• Before chattel capital ‘took a hike’ from manufactured housing, shortly after the turn of the century – yet to return, a couple HUD-Code home manufacturers bought up many independent (street) MHRetailers, enabling continued shipment of new homes into local housing markets already saturated with product. Recall the consequences? According to a CFPB White Paper, 300,000 ‘repo’ homes and lost value of at least $1.3 billion.
Land lease communities, good and not so good:
• Good! After decades of minimal representation, property portfolio owners/operators, in 1993, took steps to ensure adequate national advocacy, as several in 1994, offered IPOs (Initial Public Offerings) of their stock, as they transitioned to real estate investment trusts (‘REITs’). Representation today, however, in this industry observer’s opinion, is intermittent at best, leadership less at worst. However, the asset class is well served with research, print & online media, networking & deal-making opportunities, and professional property management training & certification via the Manufactured Housing Manager (‘MHM’) program..
• Where some real estate investment trusts (‘REITs’) are concerned, too aggressive profit expectations early on (late 1990s), on the part of Wall Street analysts, led to sizeable and frequent rental homesite rate increases, ultimately changing the local housing market rent paradigm*7, and spawning contentious landlord-tenant legislation (Read ‘rent control’ initiatives)
• And today, there’s far less active lobbying participation in local and state legislative and regulatory matters, even interpersonal networking among businessmen and women, as entrepreneur property owners have been replaced by professional property managers working at the behest of centrally-located property management headquarters. Gone are the days of membership chapter meeting throughout most states.
• Market value distortion. In the words of one veteran land lease community owner: “…some portfolio buyers are paying such low cap rates upon property acquisition, they have no choice but to markedly increase the (site) rent to justify the exorbitant prices they are paying for the property. And yes, Mom & Pop-owned properties do often benefit from this buyout trend, with its’ low cap rates and high sale prices.” (Lightly edited. GFA)
For sure it’s been a mixed bag where consolidation consequences, pro and con, are concerned. And there’s certainly more, ‘good & not so good’, to the consolidation occurring in the manufactured housing production/distribution segment of the industry, as well as the real estate investment/management asset class. But all that’s just been penned, simply scratches the surface of this timely, telling topic.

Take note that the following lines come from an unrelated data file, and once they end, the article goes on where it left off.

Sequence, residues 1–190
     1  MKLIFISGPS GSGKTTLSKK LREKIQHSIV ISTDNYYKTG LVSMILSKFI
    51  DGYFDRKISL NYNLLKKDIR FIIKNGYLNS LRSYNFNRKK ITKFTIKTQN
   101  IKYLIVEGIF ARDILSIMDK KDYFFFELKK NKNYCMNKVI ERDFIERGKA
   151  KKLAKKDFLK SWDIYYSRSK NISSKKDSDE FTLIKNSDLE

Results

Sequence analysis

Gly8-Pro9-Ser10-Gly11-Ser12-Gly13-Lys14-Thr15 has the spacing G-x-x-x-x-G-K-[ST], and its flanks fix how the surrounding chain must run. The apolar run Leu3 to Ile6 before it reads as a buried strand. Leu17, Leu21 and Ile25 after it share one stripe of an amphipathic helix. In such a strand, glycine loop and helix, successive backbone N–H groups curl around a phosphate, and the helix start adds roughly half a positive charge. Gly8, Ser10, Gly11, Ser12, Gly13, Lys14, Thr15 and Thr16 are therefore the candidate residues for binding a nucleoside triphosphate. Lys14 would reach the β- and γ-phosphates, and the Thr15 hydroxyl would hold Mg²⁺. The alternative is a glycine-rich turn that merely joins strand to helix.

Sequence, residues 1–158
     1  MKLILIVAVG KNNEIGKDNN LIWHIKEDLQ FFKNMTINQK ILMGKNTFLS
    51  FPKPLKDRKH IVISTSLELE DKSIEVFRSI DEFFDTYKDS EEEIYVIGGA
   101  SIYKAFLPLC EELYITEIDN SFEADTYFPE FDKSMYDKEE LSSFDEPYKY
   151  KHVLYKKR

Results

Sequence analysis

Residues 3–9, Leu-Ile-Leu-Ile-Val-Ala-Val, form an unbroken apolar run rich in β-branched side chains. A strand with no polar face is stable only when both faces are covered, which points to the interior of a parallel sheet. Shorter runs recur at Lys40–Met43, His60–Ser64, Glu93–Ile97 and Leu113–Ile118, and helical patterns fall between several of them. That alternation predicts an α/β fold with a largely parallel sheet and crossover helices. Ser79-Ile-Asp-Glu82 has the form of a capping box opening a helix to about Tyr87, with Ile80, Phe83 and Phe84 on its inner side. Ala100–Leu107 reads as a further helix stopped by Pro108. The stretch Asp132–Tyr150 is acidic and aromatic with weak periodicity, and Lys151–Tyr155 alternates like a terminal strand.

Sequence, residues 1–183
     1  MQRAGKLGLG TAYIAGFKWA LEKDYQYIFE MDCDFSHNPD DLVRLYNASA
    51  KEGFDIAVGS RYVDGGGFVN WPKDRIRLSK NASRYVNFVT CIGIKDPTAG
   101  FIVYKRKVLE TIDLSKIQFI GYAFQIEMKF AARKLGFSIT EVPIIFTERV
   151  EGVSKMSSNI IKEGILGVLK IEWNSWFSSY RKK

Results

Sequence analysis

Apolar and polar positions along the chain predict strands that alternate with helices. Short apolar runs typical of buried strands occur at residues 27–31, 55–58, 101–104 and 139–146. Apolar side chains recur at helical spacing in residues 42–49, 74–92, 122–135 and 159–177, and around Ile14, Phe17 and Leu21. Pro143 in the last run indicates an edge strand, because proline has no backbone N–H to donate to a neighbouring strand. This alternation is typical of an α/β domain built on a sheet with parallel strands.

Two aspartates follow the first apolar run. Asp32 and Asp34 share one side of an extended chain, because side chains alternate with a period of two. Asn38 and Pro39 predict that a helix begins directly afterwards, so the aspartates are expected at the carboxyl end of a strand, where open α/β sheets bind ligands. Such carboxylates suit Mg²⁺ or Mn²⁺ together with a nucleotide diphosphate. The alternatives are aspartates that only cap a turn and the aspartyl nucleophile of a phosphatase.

If you’d like to add to this discussion, pro or con – and we hope you do, please send your remarks to
GFA c/o Box # 47024, Indianapolis, IN. 46247
or via the Official MHIndustry HOTLINE: (877) MFD-HSNG or 633-4764.
Thanking You in advance for your input!
1. factory-built housing accounts for more than 95% of new U.S .single family housing today via on-site production builders, panelizers, manufactured housing, and modular housing.
2. a.k.a. manufactured housing, and before that ‘mobile home parks’.
3. SWAN SONG, George Allen, COBA7, Indianapolis, IN., 2017: figure B.
4. Signature Series Resource Document (‘SSRD’): ‘Major Factory-built Housing Manufactures….’ COBA7, 2016
5. SWAN SONG, Ibid, figure E.
6. Community Series Home, or CSH Model design concept birthed 2/28/2009 at a national meeting among HUD-Code home manufacturers and (then) manufactured home community owners, at the RV/MH Hall of Fame in Elkhart, IN. Concept name supplied later that year by landscape architect Don Westphal. CHS Model? Usually a singlesection, or modest-sized multisection home with at least one WOW! factor inside and out; shingled roof and house siding, plus durability-enhancing features to ease ‘make ready’ upon homeowner or renter turnover. An interesting sidebar here is that year 2009 saw record low number of new home shipments, at 49,789 units; and the FHFA & GSEs hosting a meeting in downtown Elkhart for the purpose of letting the manufactured housing industry know ‘henceforth’, it was on its’ own, when it came to accessing chattel capital.
7. Traditional 3:1 Rule for keeping land lease community site rent rates in sync with other forms of multifamily rental properties, in the same local housing market, has in some, if not many cases, been replaced with a self-serving 2:1 Rule. For example. Conventional apartment rent = $900/month? Then 3:1 rule suggests land lease community rents be pegged at $300/month. However, the 2:1 aberration pegs site rent, not at $300/month, but at $450/month.